With the Apogee XT free of the packing we can get a better look at it. The top half of the block is CNC machined brass and plated with a black chrome finish. This is a change from the GTZ design that was machined out of Delrin, a durable and strong plastic.
Another change is the inlet port can be moved to allow room for compression fittings to be installed. In its stock location (shown) the inlet and outlet ports are too close for some compression fittings to be installed. More on this when we take the block apart.
The base of the Apogee GTZ i7 is also CNC machined, but out of C110 copper. The base is also lapped and polished to a mirror finish.
Like I had mentioned earlier, the top plate for the Apogee XT is able to be used across all the LGA Intel sockets. This is done with a slot that allows for the pins to adjust to fit each socket.
Inside the Apogee XT
To take the block apart you have to remove the top plate. This is done by removing the 6 allen head screws, 3 either side of the block.
With the bottom removed we can see the inside bottom of the top. The inlet port is in line with the hole you see in the center of the block. This is centered on the CPU. The coolant then flows outward from the center, through the micro pin matrix and eventually out the outlet port.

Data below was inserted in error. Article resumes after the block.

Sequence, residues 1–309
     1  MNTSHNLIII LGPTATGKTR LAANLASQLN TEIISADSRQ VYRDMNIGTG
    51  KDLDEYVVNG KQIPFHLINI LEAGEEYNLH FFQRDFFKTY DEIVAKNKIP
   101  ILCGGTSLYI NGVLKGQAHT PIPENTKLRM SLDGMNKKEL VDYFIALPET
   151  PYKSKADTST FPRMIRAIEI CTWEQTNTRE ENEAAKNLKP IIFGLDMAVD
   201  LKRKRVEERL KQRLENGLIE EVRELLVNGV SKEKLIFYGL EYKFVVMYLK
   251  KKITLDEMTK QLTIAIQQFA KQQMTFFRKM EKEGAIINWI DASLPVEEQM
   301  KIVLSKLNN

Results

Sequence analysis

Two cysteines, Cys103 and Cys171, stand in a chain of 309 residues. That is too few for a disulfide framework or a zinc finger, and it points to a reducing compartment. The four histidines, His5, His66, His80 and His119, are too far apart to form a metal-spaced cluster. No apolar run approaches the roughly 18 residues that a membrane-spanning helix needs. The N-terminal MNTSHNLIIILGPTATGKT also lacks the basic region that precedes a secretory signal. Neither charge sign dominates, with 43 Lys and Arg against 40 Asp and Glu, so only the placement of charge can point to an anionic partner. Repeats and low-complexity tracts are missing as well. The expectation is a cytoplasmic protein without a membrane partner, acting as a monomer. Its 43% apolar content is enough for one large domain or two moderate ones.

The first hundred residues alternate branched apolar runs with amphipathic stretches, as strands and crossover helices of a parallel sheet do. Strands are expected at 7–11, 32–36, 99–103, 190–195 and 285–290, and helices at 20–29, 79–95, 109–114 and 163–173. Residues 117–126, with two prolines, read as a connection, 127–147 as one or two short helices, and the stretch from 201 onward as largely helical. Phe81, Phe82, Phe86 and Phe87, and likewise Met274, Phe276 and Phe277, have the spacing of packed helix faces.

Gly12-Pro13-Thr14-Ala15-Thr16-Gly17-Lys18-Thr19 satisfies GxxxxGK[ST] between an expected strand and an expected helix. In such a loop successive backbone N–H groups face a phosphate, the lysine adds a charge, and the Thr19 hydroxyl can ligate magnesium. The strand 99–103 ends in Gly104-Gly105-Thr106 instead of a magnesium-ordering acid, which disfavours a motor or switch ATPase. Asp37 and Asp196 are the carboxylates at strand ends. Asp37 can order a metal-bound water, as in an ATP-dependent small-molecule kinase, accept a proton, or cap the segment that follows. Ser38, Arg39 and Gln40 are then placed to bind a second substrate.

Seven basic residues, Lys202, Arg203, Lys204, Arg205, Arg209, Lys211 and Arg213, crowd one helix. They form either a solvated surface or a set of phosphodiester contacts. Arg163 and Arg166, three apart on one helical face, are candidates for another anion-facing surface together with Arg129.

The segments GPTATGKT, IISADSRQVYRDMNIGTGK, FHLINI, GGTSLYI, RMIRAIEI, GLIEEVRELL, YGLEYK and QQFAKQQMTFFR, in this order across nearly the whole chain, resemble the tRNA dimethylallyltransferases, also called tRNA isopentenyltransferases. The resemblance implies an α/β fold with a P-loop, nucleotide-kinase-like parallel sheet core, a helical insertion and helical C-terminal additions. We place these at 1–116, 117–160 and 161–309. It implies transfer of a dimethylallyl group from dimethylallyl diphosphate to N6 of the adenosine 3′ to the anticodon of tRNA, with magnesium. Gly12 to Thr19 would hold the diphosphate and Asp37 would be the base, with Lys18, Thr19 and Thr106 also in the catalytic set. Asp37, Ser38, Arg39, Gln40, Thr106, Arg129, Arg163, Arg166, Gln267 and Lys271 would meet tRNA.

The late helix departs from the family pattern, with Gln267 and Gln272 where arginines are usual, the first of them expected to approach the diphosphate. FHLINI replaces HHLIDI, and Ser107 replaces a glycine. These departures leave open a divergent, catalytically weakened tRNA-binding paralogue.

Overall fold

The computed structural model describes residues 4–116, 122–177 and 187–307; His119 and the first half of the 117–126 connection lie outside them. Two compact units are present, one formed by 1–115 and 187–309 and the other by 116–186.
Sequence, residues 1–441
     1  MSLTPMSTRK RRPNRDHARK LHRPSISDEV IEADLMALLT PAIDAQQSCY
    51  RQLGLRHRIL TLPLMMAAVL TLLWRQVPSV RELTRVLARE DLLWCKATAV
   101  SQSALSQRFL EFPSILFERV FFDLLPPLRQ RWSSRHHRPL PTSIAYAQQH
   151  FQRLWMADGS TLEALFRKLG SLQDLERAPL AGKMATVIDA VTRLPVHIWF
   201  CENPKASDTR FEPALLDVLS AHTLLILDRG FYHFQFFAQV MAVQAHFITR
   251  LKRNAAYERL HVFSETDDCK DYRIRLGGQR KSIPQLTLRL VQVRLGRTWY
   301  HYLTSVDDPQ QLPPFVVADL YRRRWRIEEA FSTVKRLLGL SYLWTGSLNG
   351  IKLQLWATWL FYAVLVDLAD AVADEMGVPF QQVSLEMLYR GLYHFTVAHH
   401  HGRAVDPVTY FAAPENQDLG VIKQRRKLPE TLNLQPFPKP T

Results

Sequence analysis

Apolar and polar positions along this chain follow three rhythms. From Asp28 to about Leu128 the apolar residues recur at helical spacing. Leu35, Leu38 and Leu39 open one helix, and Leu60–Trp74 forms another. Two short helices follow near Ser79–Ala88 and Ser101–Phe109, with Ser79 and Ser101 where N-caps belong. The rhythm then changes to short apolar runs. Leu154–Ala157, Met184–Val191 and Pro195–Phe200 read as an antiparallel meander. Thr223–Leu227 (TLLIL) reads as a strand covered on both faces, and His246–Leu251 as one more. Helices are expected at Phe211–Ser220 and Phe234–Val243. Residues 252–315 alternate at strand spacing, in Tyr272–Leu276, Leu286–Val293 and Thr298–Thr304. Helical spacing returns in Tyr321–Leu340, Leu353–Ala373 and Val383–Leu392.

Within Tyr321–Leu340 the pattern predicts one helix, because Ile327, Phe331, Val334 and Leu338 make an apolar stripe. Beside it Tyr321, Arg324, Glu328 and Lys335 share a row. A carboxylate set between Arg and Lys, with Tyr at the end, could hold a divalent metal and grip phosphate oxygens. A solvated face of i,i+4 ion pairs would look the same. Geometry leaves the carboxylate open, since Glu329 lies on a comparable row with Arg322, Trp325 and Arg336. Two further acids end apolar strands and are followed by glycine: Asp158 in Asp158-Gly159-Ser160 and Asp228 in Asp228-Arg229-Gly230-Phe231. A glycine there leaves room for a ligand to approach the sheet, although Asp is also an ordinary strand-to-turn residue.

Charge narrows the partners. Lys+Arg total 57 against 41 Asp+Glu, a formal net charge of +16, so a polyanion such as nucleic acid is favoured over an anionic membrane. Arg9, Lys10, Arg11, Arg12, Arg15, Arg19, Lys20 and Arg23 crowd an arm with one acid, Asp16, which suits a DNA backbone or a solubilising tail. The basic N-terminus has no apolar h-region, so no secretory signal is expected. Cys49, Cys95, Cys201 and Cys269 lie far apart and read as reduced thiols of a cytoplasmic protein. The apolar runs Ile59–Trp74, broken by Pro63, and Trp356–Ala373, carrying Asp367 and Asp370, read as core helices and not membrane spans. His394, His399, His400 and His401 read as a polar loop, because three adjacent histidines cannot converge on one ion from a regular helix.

Flipping the top over, we can take another look at the inlet port.
With the inlet port cover removed we can see the seal and the small water channel that allows for the port orientation to be changed. Doing this, Swiftech says, will affect the flow of the block and ultimately the performance.
However, if you need the space for the fittings then it’s nice to have the option, but you, the end user, will have to decide if the performance hit is worth it.
Here we have the bottom of the Apogee XT. The heart of the Apogee XT is the pin matrix design. The 0.009” micro pin matrix is the heart of the Apogee GTZ i7. For a little scale, normal 20lb copy paper is 0.0038” thick.